Whenever history – as a narrative about the past – is displayed, performed, or staged publicly, gender is performed as well. Memory studies have already acknowledged the strong intersections of memory and gender and reflected on the question of how gender shapes memory (Penkwitt and Moos 2007; Paletschek and Schraut 2008; Reading 2016; Altınay et al. 2019). Studies in the broad field of public history have thus far largely focused on institutions like museums and historic sites and have analyzed the ways in which they display and represent gender (Muttenthaler and Wonisch 2006; Spanka 2019; Vinitzky-Seroussi and Dekel 2019). By addressing the ways we do history and the practices of reviving, restaging, recreating, citing, and emulating past events in the present, this workshop will rather shift the focus towards bottom-up or do-it-yourself, ephemeral, and performative modes of public history. It will mainly address such forms that hinge on embodiment, immersive, affective, and experiential approaches, which in turn highlight playful, corporal, multi-sensory and personal engagements with the past. Thus, the workshop focusses on constructing and creating meanings of the past that lie outside but are not unrelated to academic history and archaeology and further sheds light on the effective power history performances may have on the production of historical knowledge and on transformations of historical awareness in public audiences. Additionally, it stresses the connection of doing history and doing gender. The concept of doing gender was first established by Candace West and Don Zimmerman as early as the 1980s and emphasized the notion of gender as a routine embedded in everyday interaction (West and Zimmerman 1987). Judith Butler further stressed the performative and constructivist aspects of gender as a historical and reflexive concept (Butler 1990; 2004).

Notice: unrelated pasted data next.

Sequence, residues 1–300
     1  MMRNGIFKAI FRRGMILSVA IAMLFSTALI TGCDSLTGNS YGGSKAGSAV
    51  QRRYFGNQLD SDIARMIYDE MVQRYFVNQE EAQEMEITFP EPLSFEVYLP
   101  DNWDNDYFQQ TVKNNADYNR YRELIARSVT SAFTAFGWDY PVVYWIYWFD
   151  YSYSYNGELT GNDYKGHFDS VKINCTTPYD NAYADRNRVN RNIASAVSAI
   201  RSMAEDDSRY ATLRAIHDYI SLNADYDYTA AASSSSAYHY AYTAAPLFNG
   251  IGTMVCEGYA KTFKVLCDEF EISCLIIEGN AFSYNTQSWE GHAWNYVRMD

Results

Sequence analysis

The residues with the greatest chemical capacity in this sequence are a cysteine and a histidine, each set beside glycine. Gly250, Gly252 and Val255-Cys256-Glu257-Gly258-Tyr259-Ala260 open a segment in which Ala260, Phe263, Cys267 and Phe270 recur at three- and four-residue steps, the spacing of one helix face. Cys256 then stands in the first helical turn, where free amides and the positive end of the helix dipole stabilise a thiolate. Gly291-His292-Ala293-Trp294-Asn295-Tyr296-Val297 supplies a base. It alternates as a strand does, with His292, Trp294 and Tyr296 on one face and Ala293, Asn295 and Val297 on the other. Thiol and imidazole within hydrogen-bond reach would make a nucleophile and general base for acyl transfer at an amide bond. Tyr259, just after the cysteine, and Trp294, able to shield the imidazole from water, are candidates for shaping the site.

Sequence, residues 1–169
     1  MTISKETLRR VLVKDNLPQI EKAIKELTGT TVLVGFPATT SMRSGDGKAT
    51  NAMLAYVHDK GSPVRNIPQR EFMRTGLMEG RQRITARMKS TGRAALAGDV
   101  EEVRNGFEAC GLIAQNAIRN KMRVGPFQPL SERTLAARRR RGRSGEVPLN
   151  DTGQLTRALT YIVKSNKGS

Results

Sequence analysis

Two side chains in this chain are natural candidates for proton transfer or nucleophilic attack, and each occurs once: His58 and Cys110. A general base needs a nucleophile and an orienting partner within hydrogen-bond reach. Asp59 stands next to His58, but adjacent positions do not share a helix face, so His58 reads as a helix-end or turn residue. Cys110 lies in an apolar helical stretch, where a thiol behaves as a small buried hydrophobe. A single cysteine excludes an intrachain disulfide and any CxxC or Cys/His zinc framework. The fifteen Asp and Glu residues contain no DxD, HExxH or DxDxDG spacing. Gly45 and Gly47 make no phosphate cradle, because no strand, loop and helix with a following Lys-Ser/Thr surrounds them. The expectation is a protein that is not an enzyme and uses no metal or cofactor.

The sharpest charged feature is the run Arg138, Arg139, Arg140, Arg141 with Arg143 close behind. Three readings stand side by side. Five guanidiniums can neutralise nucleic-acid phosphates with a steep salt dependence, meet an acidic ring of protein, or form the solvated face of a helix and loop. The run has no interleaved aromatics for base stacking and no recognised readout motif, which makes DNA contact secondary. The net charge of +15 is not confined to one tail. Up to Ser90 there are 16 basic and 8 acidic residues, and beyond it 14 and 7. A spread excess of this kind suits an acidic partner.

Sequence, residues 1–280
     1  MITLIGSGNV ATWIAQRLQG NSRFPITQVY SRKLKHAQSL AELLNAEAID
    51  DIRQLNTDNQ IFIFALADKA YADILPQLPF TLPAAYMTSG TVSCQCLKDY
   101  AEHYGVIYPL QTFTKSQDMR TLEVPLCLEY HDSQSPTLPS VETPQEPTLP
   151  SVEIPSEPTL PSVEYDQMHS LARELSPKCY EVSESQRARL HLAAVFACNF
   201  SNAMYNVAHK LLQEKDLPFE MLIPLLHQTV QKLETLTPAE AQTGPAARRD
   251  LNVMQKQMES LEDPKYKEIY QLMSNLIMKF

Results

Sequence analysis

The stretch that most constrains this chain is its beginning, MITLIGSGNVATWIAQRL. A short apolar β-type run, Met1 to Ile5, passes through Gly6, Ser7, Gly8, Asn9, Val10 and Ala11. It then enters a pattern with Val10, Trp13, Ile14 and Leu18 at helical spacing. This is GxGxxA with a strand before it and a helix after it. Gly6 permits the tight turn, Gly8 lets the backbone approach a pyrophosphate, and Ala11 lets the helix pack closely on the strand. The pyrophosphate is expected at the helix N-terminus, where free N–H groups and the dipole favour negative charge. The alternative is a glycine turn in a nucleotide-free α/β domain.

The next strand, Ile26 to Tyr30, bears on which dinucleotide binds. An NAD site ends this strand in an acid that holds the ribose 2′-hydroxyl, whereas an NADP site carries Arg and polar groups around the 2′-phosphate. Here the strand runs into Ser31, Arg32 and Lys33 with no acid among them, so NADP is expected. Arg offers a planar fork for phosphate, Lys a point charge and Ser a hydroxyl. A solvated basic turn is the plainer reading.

Since practices of doing history and doing gender are inextricably linked, the workshop aims to explore this nexus in more detail. How are notions of history and gender being co-produced in practices of doing history when, for example, the unstable categories of gender are regarded and performed as stable, and conservative gender behavior is thus further cemented? How do perceptions of history and gender reinforce or challenge each other in action? How are practices of invoking past gender positions in the present positioned in relation to current gender conceptions? And what kind of history performances can create situations in which gender is “undone” (Hirschauer 2001; 2014), rendered neutral and irrelative, or in which expectations of binarity are subversively undermined? Laying emphasis on sensorial, bodily approaches to history opens up further questions about the role of body knowledge. In which ways are notions of gender and history located in or attached to the bodies performing them, and what epistemic power is attributed to physically experiencing gender and/in history?